The Pulitzer Prize-winning tragedy of a salesman's deferred American dream
Ever since it was first performed in 1949, Death of a Salesman has been recognized as a milestone of the American theater. In the person of Willy Loman, the aging, failing salesman who makes his living riding on a smile and a shoeshine, Arthur Miller redefined the tragic hero as a man whose dreams are at once insupportably vast and dangerously insubstantial. He has given us a figure whose name has become a symbol for a kind of majestic grandiosity-and a play that compresses epic extremes of humor and anguish, promise and loss, between the four walls of an American living room.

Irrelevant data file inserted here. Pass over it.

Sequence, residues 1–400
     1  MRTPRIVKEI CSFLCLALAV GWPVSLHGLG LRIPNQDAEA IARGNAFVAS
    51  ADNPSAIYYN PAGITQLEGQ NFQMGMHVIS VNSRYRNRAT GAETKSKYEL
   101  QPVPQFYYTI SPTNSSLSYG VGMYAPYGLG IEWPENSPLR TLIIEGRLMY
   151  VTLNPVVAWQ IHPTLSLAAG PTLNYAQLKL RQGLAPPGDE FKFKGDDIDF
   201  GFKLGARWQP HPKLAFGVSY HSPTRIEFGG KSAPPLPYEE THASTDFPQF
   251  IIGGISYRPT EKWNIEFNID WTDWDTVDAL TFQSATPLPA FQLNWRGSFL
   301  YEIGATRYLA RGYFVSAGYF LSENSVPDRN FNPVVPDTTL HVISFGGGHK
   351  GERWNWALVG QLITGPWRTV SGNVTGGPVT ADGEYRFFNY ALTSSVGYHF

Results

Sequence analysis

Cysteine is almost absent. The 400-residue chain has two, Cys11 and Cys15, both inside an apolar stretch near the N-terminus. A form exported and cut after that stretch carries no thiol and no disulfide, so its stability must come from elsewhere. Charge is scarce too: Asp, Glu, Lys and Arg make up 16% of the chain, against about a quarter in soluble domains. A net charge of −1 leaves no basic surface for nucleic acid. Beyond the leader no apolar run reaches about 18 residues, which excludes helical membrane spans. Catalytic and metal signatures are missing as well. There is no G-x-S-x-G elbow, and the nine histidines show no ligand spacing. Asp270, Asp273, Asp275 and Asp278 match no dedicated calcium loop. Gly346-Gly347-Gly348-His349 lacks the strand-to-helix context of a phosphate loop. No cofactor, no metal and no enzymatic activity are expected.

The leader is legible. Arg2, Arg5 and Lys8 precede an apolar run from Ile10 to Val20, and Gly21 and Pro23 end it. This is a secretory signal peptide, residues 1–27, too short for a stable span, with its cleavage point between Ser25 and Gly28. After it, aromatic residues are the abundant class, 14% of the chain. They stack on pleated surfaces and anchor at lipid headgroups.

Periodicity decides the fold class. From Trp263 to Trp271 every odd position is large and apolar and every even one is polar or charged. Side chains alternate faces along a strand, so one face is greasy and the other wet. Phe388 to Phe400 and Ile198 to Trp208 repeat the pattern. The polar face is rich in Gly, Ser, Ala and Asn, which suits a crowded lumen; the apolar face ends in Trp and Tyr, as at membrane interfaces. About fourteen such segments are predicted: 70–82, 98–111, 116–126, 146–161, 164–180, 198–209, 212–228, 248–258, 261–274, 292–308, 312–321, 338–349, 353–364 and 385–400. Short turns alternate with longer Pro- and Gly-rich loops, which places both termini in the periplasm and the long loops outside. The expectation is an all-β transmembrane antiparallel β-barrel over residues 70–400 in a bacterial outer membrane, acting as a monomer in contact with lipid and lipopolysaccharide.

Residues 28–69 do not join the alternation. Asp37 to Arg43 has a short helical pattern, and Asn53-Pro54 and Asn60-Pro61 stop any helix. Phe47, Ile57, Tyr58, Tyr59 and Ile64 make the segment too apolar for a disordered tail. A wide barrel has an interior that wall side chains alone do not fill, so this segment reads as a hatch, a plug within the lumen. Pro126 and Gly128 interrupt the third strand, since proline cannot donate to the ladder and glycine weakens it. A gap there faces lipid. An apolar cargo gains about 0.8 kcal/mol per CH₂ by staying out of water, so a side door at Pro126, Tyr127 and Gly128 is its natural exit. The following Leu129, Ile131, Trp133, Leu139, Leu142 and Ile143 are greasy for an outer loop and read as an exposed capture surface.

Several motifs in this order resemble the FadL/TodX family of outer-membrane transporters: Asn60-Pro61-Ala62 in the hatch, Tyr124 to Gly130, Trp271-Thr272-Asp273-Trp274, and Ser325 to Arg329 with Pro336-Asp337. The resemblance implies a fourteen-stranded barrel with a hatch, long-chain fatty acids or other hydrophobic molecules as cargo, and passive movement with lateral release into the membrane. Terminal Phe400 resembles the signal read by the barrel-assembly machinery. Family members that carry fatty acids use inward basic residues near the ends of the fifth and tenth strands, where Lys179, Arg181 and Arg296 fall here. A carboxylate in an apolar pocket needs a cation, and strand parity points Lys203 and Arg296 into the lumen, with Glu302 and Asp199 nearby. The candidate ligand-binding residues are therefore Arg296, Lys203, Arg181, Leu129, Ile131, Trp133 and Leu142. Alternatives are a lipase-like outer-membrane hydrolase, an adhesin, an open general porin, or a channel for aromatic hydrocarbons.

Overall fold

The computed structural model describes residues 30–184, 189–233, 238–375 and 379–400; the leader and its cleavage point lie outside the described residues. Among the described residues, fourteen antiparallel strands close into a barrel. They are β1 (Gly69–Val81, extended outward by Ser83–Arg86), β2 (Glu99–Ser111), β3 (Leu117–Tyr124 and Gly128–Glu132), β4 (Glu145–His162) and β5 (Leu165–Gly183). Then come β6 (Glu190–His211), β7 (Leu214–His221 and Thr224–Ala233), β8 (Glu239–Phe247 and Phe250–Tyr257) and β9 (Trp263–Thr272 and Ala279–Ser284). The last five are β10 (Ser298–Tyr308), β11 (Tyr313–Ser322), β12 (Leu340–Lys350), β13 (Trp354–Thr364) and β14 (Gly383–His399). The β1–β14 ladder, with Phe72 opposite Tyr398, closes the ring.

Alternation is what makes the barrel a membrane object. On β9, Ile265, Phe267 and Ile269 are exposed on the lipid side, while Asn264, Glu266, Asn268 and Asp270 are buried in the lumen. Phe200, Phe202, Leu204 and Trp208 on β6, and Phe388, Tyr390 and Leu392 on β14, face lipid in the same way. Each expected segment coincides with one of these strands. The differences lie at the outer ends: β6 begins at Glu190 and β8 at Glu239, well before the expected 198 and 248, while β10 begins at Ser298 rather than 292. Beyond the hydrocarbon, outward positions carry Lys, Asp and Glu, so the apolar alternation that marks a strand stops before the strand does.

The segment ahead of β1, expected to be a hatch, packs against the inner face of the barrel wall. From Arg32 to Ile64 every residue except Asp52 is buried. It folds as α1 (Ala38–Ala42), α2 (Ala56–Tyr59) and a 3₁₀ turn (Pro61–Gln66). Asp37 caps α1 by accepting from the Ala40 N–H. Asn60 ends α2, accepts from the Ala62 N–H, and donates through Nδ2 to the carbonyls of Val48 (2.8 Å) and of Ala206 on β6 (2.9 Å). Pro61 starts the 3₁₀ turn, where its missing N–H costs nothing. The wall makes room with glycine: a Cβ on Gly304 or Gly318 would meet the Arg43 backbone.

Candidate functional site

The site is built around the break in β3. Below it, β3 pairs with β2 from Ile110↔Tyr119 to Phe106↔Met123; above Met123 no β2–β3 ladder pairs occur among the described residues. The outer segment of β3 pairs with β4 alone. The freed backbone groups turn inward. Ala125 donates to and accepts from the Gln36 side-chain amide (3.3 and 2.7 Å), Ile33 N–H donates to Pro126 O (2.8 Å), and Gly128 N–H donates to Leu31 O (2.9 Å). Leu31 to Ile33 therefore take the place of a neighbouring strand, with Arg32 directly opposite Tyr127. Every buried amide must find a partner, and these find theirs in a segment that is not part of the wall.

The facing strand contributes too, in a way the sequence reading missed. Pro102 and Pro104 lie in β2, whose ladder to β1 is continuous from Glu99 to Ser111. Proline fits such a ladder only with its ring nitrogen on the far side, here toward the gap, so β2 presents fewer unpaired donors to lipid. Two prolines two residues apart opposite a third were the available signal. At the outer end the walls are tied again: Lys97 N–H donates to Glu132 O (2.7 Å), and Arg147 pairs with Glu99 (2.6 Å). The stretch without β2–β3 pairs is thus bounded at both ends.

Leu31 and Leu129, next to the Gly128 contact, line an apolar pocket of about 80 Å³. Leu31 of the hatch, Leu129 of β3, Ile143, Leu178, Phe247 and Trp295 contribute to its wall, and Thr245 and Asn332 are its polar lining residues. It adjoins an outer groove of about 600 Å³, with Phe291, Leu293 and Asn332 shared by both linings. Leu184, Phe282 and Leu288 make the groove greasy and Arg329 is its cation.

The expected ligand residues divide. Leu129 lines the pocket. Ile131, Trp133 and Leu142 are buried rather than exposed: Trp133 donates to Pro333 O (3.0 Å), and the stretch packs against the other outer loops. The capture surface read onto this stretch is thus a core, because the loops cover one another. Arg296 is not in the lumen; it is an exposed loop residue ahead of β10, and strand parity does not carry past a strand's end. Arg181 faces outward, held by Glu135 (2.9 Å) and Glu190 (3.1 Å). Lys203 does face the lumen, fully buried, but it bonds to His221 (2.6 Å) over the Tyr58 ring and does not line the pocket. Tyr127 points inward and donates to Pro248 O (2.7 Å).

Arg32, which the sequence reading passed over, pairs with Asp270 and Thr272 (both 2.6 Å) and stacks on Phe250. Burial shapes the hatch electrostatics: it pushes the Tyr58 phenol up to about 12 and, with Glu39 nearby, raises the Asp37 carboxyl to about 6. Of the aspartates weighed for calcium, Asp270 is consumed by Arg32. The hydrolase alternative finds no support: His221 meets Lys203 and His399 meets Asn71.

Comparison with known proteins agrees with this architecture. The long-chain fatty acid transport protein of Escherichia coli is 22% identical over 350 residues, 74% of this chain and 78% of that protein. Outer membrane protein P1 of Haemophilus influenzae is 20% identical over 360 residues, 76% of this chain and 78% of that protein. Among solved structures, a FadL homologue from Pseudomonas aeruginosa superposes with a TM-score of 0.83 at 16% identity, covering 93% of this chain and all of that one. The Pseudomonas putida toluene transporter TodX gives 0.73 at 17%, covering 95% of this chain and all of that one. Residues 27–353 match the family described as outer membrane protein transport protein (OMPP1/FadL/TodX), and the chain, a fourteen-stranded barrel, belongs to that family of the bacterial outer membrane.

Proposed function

"By common consent, this is one of the finest dramas in the whole range of the American theater." -Brooks Atkinson,The New York Times
"So simple, central, and terrible that the run of playwrights would neither care nor dare to attempt it." -Time
The author of Focus, and last year's Critics Circle Award-All My Sons with a new play which is the smashing sensation of the season and the most distinguished event in the theatre of this decade. (Kirkus Reviews)
Series: Penguin Classics Ser.
For Ages: 13+ years old
For Grades: 8+
Number Of Pages: 112
Published: 1st July 2000
Country of Publication: GB
Dimensions (cm): 20.2 x 13.0 x 0.9
Weight (kg): 0.1
Edition Number: 1